I think it was Dr. Bradley who stated that pain is not a necessary part of childbirth – and claimed that stating that pain *is* necessary to childbirth is a misapplication of Genesis 3.
But I don’t think a plain reading of Scripture supports that view:
“I will surely multiply your pain in childbearing;
in pain you shall bring forth children.”
~Genesis 3:16 (ESV)
In fact, I think a plain reading suggests that pain was likely a part of childbearing even prior to the fall – since this verse refers to multiplication (which implies something pre-existing to multiply – multiplying by 0 doesn’t make anything). And certainly, it clearly states that woman will bring forth children in pain.
Furthermore, plenty of other Scriptures indicate that pain is a normative experience during childbirth. A frequent simile used by the prophets is “pain like a woman in labor” (Psalm 48:6; Isaiah 13:8, 21:3, 42:14; Jeremiah 6:24, 22:23, 49:24, 50:43; Micah 4:9). Jesus spoke of “birth pains” (Matthew 24:8, Mark 13:8) and of the “sorrow” and “anguish” of a woman in labor (John 16:21). The apostle Paul likened his painful toils for the church to the anguish of a woman in labor (Galatians 4:19). Other references that suggest that pain in childbirth is normative include I Samuel 4:19 (her “pains came upon her”), Isaiah 26:17 (“writhes and cries out in her pangs”), Jeremiah 4:31 (“cries” and “anguish” as of a woman in labor), Jeremiah 48:41 and 49:22 (“birth pains”), Jeremiah 13:21 and Hosea 13:13 (the “pangs” of childbirth), Micah 4:10 (“writhe and groan like a woman in labor”), Romans 8:22 (pains of childbirth), and I Thessalonians 5:3 (“labor pains”).
Other Scriptures imply that childbirth is something that requires great strength. The midwives who cared for the Hebrew women in Egypt stated that they weren’t killing the baby boys they were delivering “because the Hebrew women are not like the Egyptian women, for they are vigorous and give birth before the midwife comes to them.” (Exodus 1:19 ESV) The Hebrew women’s vigor meant that their labors were fast enough (apparently) that the midwife didn’t get there in time to assist. Hezekiah spoke (in 2 Kings 19:3 and Isaiah 37:3) of children coming to the point of birth but mothers not having the strength to deliver them.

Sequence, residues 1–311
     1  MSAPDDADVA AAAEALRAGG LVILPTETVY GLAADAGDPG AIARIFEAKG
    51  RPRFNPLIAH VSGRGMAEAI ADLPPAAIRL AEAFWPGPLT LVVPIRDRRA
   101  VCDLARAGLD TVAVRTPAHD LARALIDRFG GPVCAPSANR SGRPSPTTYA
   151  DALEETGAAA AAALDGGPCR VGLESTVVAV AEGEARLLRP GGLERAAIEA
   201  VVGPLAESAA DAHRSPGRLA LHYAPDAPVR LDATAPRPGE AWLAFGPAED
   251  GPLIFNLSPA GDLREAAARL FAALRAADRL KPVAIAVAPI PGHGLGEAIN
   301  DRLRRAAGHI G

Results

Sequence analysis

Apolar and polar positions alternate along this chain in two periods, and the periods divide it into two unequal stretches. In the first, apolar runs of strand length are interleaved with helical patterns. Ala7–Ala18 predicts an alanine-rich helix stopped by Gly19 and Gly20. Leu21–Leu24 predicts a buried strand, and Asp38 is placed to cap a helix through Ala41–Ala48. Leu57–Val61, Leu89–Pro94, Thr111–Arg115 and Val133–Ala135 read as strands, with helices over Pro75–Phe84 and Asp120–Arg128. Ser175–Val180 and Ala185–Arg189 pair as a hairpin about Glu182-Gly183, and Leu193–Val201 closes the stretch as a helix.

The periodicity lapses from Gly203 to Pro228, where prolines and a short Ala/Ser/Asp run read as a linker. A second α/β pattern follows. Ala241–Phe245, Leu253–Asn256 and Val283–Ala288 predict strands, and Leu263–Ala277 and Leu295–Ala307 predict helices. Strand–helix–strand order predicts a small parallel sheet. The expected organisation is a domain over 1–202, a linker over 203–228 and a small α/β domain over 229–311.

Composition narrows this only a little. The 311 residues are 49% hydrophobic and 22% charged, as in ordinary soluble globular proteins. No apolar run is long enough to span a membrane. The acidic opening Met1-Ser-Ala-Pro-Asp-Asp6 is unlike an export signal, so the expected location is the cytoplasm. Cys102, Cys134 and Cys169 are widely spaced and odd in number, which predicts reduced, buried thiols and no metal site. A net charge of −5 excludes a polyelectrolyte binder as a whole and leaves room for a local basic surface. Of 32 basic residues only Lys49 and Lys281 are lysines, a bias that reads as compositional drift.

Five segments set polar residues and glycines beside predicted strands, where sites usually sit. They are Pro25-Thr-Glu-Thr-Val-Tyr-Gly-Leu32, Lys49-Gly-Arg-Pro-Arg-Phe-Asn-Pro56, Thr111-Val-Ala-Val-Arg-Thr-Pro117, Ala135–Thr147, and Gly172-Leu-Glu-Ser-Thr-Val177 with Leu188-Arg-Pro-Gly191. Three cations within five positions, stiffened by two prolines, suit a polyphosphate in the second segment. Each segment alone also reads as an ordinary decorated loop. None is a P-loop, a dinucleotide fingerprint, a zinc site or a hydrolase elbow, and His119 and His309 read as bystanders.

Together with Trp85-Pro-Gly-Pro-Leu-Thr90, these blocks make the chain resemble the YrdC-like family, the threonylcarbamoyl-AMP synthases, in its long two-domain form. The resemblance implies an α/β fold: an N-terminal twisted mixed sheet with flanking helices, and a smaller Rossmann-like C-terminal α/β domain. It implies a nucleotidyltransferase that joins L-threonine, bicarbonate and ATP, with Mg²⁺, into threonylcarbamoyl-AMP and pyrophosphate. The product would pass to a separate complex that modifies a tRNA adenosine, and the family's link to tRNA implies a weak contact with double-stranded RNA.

From my reading of Scripture, it seems plain that childbirth is indeed labor (work) and that it is generally painful labor.
Yet I am not afraid of childbirth, nor do I wish to blunt the pain of childbirth with drugs. Why is this?
Am I playing martyr, arguing against the umbrella that could guard me from this consequence of the fall?
No. I’m not. I expect pain in childbirth, but I’m not going to shy away from it because I believe two things: I believe that pain in childbirth is purposeful and I believe that it has payoff.
While some pain has no apparent purpose (for instance, in fibromyalgia), most pain does have a purpose. The pain of touching a too-hot stove tells us to withdraw our hand before damage is done. The pain of backache or a strained muscle often tells us to change our posture or our activity patterns. Other times pain simply tells us that our body is working. We feel the “burn” when we’re exercising vigorously. And, when having a baby, we feel pain that lets us know that our uterus is contracting to push baby out. If we know what to look for, pain also tells us when we should be actively working with our bodies’ involuntary impulses to push baby out.
And finally, I believe that the pain of labor has payoff.
“When a woman is giving birth, she has sorrow because her hour has come, but when she has delivered the baby, she no longer remembers the anguish, for joy that a human being has been born into the world.”
~John 16:21 (ESV)
Following the pain of childbirth comes great joy – joy in a new human being. Inasmuch as it depends on me, I want to be fully there and fully aware to experience that joy – even if it means I have to endure additional pain leading up to it.